Many doctors’ offices will provide free samples of commonly used medications. If you need a prescription medication, ask your doctor if a generic medication is appropriate. Many pharmacies offer generic versions of commonly prescribed medications at a very low cost. If a generic medicine is not appropriate for you, ask your doctor for free samples of the prescription medication. Some drug manufacturers also provide financial assistance if you are having trouble paying for your prescription. Contact the pharmaceutical company for details.

If you have an insurance plan that requires co-pay for prescriptions, ask your doctor for a three-month prescription instead of monthly for any longer-term medications. Generally, a three-month prescription costs less than a one-month prescription purchased three times. Also, check to see if you can decrease your cost by sending prescriptions to a mail-order pharmacy linked to your insurance plan

Having a Safe and Healthy Home

Use child safety locks on cabinets to keep all medications, vitamins, cleaning supplies, and similar items far away from little hands and mouths. Keep the phone number of the national poison help hotline (1-800-222-1222) on each of your phones. Most poison control offices provide free stickers and magnets with the hotline number on them. Check http://www.poisonprevention.org for information on your local poison control office.

With all the dangerous substances locked away, focus on the basics. Hand washing, for example, is vital for illness and disease prevention–for both you and your child.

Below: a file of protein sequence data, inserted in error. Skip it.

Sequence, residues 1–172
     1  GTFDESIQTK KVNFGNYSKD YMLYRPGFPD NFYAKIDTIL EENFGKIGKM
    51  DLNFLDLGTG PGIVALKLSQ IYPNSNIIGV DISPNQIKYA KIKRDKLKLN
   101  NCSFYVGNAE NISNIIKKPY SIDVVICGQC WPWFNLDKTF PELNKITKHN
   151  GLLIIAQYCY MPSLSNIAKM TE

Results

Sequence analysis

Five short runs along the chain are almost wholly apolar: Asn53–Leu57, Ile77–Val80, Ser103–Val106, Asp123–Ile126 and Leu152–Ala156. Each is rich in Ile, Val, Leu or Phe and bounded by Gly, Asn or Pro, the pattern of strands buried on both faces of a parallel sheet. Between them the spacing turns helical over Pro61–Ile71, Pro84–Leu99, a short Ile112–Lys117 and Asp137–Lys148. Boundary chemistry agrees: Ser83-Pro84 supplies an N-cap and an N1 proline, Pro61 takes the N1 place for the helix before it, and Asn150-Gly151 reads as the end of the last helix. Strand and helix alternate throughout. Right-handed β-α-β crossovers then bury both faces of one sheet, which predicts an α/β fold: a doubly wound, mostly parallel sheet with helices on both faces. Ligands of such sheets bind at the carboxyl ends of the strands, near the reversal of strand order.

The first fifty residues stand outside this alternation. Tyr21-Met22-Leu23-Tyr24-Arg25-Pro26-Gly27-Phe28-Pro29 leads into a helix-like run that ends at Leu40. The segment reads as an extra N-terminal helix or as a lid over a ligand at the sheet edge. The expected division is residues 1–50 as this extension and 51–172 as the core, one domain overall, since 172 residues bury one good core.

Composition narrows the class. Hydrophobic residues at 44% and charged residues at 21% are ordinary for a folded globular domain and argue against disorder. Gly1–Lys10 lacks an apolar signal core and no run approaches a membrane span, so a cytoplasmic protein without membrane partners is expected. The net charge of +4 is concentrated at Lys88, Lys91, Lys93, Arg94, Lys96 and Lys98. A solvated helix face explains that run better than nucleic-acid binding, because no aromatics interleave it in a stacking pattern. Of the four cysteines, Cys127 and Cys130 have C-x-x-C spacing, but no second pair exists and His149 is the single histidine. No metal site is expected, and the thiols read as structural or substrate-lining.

You should wash your hands before cooking or eating, after a bathroom visit or diaper change and after being out in a public place. When taking care of a sick child, make sure to wash your hands as often as possible. Hand washing can be made fun for kids by using special soaps or silly songs. Singing the ABC song while washing hands provides enough time for a thorough cleaning. Posters, coloring sheets and activities are available for children at www.scrubclub.org.

When children are sick, teething, or otherwise uncomfortable, you can try simple and inexpensive remedies. Humidifiers can be extremely useful to prevent colds during the dry winters and make a baby more comfortable. Heating pads may be made using uncooked rice and a clean sock. Fill a sock with uncooked rice, tie the end of the sock, and heat in the microwave until warm (not scalding hot!). It will stay warm for up to an hour. Cold teething rings or cold, wet washcloths provide comfort to a baby who is cutting teeth.

Remember to take care of yourself. You need to stay in good health so you can care for the children who depend on you. You are also setting examples that will shape their future health into adulthood. No pressure—that’s just parenting!

Updated by Lauren Sumners with contributions made by Dr. Diana Newman, RN and Dr. Ingrid Skop. Original article adapted from the 2009/10 issue of The American Feminist, “Raising Kids on a Shoestring” published by Feminists for Life of America.